Originally published on Law360, October 19, 2016
Melanie S. Joo is a partner at The Scali Law Firm in Los Angeles. She is an experienced legal and business advisor who focuses her practice primarily in two areas: Korean companies entering the U.S. market and automotive companies and dealers.
Joo, who speaks Korean and has worked extensively with Korean-based clients, advises Korean companies on all aspects of doing business in the U.S., including market entry, corporate formation, cross-border transactions, intellectual property, trade, taxation, immigration, licensing, advertising, and distribution. Joo's background provides her with unique perspectives that help Korean companies seamlessly transition and compete in the U.S. market.
Q: What skill was most important for you in becoming a rainmaker?
A: Listening is the most important skill for me in becoming a rainmaker. It is common to talk about ourselves by focusing on what we do and what we have to offer as lawyers, but listening to what clients need, want and worry about at night is the best way to build relationships.
I have found that clients appreciate the opportunity to share conversation, focus on priorities and put together a game plan. Becoming familiar with the business practices, culture and problems of a potential or existing client may not yield an immediate result, but constitute significant steps towards achieving the role of where you become the first phone call in an emergency.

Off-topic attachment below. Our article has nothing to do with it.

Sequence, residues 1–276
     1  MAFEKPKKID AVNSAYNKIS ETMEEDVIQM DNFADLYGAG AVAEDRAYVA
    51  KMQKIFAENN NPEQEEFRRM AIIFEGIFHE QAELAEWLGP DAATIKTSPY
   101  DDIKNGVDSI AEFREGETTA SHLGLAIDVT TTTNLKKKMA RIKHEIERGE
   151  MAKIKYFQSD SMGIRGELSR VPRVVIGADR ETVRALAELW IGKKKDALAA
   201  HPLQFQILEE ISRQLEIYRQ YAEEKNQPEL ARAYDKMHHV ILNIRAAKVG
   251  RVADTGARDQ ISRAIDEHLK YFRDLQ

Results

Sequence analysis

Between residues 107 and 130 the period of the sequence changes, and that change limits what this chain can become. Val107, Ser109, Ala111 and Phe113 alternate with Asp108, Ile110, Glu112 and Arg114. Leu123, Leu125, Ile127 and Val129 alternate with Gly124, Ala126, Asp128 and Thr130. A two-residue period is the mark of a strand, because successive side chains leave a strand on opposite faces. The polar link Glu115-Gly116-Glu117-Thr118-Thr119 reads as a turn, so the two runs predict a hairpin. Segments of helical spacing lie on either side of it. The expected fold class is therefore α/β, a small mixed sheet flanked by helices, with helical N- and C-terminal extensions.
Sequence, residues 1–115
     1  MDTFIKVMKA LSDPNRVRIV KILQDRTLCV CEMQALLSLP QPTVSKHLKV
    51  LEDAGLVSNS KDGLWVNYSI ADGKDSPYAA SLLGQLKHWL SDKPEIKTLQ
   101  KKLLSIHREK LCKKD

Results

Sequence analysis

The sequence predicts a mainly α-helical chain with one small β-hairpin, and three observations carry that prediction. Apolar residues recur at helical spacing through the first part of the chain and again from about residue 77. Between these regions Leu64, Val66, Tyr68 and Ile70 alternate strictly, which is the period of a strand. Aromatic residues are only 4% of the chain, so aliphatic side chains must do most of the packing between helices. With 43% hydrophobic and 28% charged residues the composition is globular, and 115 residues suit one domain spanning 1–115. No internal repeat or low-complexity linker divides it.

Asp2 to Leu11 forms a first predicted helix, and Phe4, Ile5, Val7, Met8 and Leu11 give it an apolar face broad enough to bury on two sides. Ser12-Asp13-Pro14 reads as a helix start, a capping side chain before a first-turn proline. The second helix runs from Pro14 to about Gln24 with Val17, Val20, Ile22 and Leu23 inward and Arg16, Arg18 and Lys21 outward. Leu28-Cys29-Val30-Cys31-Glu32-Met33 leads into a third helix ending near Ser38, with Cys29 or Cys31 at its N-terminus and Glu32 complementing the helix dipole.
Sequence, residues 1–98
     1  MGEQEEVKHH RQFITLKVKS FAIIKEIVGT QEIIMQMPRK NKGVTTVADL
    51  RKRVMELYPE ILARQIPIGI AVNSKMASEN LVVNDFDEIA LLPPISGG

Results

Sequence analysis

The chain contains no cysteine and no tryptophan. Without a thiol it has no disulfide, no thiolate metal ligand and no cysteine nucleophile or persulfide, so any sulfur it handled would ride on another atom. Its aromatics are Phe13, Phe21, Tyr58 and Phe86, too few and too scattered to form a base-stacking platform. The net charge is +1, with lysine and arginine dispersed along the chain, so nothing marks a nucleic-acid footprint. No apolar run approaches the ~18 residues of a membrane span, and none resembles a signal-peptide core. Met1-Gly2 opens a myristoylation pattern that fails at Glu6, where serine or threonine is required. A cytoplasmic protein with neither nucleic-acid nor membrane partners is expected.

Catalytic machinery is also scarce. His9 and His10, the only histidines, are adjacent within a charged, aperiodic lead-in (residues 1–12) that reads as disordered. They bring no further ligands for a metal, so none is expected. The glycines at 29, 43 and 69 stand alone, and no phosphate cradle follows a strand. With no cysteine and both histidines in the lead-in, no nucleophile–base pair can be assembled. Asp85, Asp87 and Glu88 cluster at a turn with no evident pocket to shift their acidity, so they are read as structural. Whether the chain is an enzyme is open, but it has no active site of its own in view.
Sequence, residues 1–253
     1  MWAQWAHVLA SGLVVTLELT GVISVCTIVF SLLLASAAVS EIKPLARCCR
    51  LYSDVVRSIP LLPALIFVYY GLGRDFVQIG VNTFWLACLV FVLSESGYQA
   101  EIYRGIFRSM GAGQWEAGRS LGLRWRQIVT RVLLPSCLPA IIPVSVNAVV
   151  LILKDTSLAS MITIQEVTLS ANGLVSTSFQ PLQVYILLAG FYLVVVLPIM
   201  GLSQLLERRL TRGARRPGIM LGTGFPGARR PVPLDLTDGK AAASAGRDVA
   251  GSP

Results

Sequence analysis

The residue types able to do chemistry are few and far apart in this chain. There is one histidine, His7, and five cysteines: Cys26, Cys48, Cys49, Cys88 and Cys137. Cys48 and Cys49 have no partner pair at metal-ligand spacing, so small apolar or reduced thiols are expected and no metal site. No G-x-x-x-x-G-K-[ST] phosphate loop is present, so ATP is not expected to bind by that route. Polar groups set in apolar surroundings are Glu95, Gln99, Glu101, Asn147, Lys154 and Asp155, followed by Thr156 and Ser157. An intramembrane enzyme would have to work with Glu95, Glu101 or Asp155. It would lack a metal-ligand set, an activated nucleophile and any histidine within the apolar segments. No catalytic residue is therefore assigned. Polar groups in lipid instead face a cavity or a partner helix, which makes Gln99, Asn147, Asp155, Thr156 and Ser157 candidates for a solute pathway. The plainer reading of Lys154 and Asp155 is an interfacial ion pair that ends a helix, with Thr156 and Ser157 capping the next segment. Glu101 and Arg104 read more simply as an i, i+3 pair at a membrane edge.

Q: How do you prepare a pitch for a potential new client?
A: I prepare for a pitch by doing background research on the potential new client and recent industry trends. The research consists of corporate news, headlines, current events, business model and litigation trends. The homework has proved invaluable on multiple occasions, but there is no substitute for staying on your toes (a shot of espresso always helps!)
Q: Share an example of a time when landing a client was especially difficult, and how you handled it.
A: Navigating the corporate ranks of a foreign parent was especially difficult because of cultural differences, language barriers and internal hierarchies. In this case, the recognition and respect of the foreign parent was essential to landing the client. In order to get the attention of key corporate executives, I delivered a simple bulleted message that looked like a report card. Rather than a protracted and confusing meeting, the report card shaped the discussion into a focused dialogue of risks, exposure and recommendations.
Q: What should aspiring rainmakers focus on when beginning their law careers?
A: Repeated and regular contact with clients is most important in developing long-lasting relationships with clients. Don’t be afraid to reach out to clients by picking up the phone, scheduling a lunch visit, forwarding helpful articles, inviting clients to social events or to speak on a panel with you, etc.
Especially early on in law careers, it’s easy to feel discouragement because one does not have the experience of reaching out to clients and fielding different results before success. The fostering of a solid relationship with clients begins with developing confidence, trust and helping clients to identify risks and exposure before they become a headache. In order to do this, repeated and regular contact with clients is essential.
Q: What’s the most challenging aspect of remaining a rainmaker?
A: Healthy growth so that there are no compromises in work quality is the most challenging aspect of remaining a rainmaker. With a successful and growing practice, the delegation and management of work is difficult because so many hands are in motion at once. Finding and maintaining the right team is critical to keeping clients happy.